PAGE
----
Code enforcement employees with the City of Fresno inspect the Gottschalks Building in Downtown Fresno. Photo by Edward Smith.
Written by Edward Smith
Inspections began Monday in the City of Fresno on vacant commercial buildings to ensure they don’t pose fire or safety threats.
Increased money for code enforcement was approved in the 2021-22 budget to hold accountable owners of vacant properties. Property owners would be contacted for blighted buildings that are potential fire hazards. The City response would begin with education, said Fresno City Councilman Miguel Arias, but would eventually lead to fines. Fines would range between $250 to $10,000. Property owners would be given a checklist of remedies in order to get buildings in compliance.
Inspectors want to make sure fire suppression are in working order and electrical systems are safe, one inspector said.
The priority will be addressing those buildings that have received a number of complaints from neighbors. Increased budget for code enforcement will allow for expedited inspections.
Code enforcement began the initiative with an inspection on the city-owned Gottschalks Building in Downtown Fresno.
There, inspectors found a non-functioning fire suppression system in the building which has been vacant for more than 20 years. Arias said a fire would be devastating to nearby businesses.
Mattresses strewn about the lower floors of the building indicate people have been living there.
Arias said last year there were 6,000 fires in Fresno and this year the city is on track to surpass that number. Vacant buildings also drag down property values.
City officials identified 20 high-priority buildings in Arias’ district, including Downtown, portions of the Tower District and Chinatown.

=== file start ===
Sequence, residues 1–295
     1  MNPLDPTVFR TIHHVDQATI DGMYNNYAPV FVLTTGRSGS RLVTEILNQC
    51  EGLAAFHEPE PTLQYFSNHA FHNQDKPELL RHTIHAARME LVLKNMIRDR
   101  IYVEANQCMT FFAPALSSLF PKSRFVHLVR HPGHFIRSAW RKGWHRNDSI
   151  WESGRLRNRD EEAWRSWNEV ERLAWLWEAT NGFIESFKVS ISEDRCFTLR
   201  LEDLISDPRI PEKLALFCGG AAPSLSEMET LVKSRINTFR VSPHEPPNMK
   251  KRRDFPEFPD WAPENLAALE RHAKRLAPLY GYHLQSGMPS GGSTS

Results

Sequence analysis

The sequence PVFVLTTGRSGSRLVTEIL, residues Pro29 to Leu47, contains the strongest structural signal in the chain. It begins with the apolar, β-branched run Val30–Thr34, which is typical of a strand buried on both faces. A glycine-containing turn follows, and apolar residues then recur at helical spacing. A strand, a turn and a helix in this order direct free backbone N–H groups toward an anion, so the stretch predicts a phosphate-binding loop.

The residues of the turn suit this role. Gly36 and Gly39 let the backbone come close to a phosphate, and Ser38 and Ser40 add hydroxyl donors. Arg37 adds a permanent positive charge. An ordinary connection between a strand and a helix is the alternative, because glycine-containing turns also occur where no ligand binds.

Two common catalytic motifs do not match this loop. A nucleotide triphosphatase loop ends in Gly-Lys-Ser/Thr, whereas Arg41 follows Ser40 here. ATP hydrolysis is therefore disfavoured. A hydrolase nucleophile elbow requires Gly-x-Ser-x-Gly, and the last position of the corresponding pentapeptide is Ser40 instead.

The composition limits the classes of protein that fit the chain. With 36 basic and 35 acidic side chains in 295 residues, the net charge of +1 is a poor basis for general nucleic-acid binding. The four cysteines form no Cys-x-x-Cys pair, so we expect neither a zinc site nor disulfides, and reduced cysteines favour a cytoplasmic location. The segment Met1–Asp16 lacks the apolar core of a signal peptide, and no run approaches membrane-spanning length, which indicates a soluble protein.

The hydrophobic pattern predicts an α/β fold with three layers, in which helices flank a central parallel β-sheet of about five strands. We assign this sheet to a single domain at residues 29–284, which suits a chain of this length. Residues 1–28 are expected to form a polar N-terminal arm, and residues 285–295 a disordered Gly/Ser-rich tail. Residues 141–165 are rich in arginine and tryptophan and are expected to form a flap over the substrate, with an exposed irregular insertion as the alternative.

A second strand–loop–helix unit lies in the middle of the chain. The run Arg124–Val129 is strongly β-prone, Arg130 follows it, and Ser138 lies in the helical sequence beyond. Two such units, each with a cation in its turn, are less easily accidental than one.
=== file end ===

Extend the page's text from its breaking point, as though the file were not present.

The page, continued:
One building on F Street in Chinatown is next to a new housing development and will pose a threat to residents once they move in, said Arias.
The Berkeley Building, also in Downtown Fresno, across from Chukchansi Park, is in such bad shape it will have to be demolished. Fresno City Council approved selling the building to Noyan Frazier Capital for $800,000. In a previous interview, Mehmet Noyan, partner with Noyan Frazier, said the intent is to build housing at the site.
Arias said city-owned property has fallen into significant repair because short-term leasing structures don’t incentivize long-term investments into building conditions. Month-to-month
The cost to bring Gottschalks up to code is still being determined, and the $25 million city council budgeted for building rehabilitation is limited to housing-related projects. Club One Casino had previously looked at the purchasing the building and adjacent parking structure. The city budgeted $10 million to fix the Spiral Garage.
When asked what would happen if it’s cheaper to pay the fine rather than bring the building up to code, Arias said “we’ll have to revise the fine structure.”